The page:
Amy Cheng

Just days before the state’s primary on Tuesday, the Clinton campaign came to Connecticut, with Democratic presidential candidate Hillary Clinton LAW ’73 speaking at a discussion on gun control in Hartford while her husband, former president Bill Clinton LAW ’73 visited the Elm City.

Hillary Clinton bridged the gap of generations at her Thursday morning event, drawing a crowd of students and policymakers alike to a roundtable on gun control that featured five panelists who have been personally affected by gun violence. Clinton, who was welcomed on stage by a crowd of more than 300 people chanting her name, dedicated the event to criticizing rampant gun violence and calling for tighter gun-control policies. She and the other panelists addressed the disastrous impact of gun availability on youth culture in Connecticut, a state which has been permeated by gang activity and marred by some of the nation’s most devastating acts of gun violence. Gov. Dannel Malloy and Hartford Mayor Luke Bronin ’01 LAW ’06, both present at the discussion, reaffirmed their endorsements of Clinton.

“I want to be the president for the struggling and the striving,” Clinton said. “I find it absolutely indefensible — the arguments made by people who will not accept responsibility for what is going on in this country.”

She lauded Connecticut’s effort in pushing for stricter gun control policies under Malloy’s leadership. During his tenure as governor, Malloy has advocated for increased gun control legislation in the state, passing an array of some of the nation’s toughest laws following the 2012 shooting at Sandy Hook Elementary School.

Clinton attributed the stagnancy of gun control reform to the strength of the gun lobby, which she called the most powerful lobby in Washington, D.C.

“They have figured out a way to intimidate elected officials at all levels, who just stop thinking about this issue because they are too scared to stand up to the [National Rifle Association],” Clinton stated.

The panelists represented a broad swath of community members: some who lost close family members in the Sandy Hook shooting, some who broke free from the cycle of poverty and used their experience to forge a path for other disadvantaged youths and some who bore witness to and have decided to fight against the atrocities of gun violence.

Among the five panelists was Erica Smegielski, who lost her mother — Sandy Hook Elementary School Principal Dawn Hochsprung — in the Newtown shooting. Smegielski admitted that prior to the tragedy, gun violence and gun-related crimes were not “on [her] radar” aside from watching the news. She said she began advocating for common-sense gun laws shortly after recovering from the death of her mother.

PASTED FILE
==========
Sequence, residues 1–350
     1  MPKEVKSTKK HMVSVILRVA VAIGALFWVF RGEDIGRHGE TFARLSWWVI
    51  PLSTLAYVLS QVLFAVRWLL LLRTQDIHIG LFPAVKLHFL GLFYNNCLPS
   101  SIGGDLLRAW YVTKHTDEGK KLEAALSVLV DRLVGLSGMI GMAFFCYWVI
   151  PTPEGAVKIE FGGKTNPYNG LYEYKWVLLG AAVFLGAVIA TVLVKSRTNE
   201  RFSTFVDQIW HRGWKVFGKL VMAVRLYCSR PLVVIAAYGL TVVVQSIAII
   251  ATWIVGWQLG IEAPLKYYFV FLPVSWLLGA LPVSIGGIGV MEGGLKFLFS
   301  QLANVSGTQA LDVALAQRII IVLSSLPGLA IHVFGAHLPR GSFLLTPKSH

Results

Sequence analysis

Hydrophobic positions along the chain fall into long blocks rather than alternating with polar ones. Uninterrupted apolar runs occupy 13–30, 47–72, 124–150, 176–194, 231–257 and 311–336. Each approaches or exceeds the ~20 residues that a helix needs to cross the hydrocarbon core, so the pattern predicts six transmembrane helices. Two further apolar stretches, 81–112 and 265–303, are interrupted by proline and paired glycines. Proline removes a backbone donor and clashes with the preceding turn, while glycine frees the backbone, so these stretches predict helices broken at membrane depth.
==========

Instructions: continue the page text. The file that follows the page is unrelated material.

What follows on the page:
“There is nothing I can do to bring [my mother] back,” Smegielski said. “What I can do is stand up and use my voice and story to motivate other people to use their voice and share their stories and come together on this issue.”

Fellow panelist Iran Nazario, program director of Peacebuilders — an organization that provides youth with psychological first aid, crisis intervention and grief counseling — personified the cultural implication of normalizing gun violence. He spoke of his first experience with a gun as a 9-year-old watching a police officer point a gun at his mother as she was being arrested for a drug offense. Nazario subsequently became a child of “the system” — a foster child thrust into a cycle of imprisonment and homelessness.

“I became a statistic,” Nazario said.

Clinton said she hopes to initiate programs that act as a positive replacement for gangs, in order to “protect, support and guide” students. She added that she believes when young people like Nazario wish to turn their lives around, they should be supplied with sources to support their “constant and continuous learning.” Clinton iterated the inequality that exists in many aspects of American society, including the uneven distribution of educational resources.

Kim Washington, founder of New Haven Moms Demand Action — a nonprofit that provides encouragement to families affected by gun-related crimes in the New Haven and Hamden areas — also emphasized the need for communities to act together against gun violence.

At the roundtable, Hartford community members Nancy Kirchmyer and Judy Carrithers expressed their dedication to Clinton for her resolve to institute more austere gun control measures. Carrithers said Clinton’s dedication to implementing these regulations could make the election a “one-issue vote” for her.

The roundtable also attracted a considerable number of college students.

“She has a lot of youth support — we’re just not the loudest people in the room,” Wesleyan freshman Henry Miller said.

While Clinton addressed the crowd in Hartford, her campaign effort in New Haven took on a lighter tone. In the late afternoon, Bill Clinton stopped outside Varick Memorial AME Zion Church, an evangelist church in Dixwell — a predominantly black neighborhood to the north of Yale’s campus — where he briefly met with the church’s Rev. Eldren Morrison, who oversees the church’s congregation of 1,100. He later drove to Wooster Square to grab a slice of pizza at the city’s famous Frank Pepe Pizzeria Napoletana.

Finnegan Schick contributed reporting.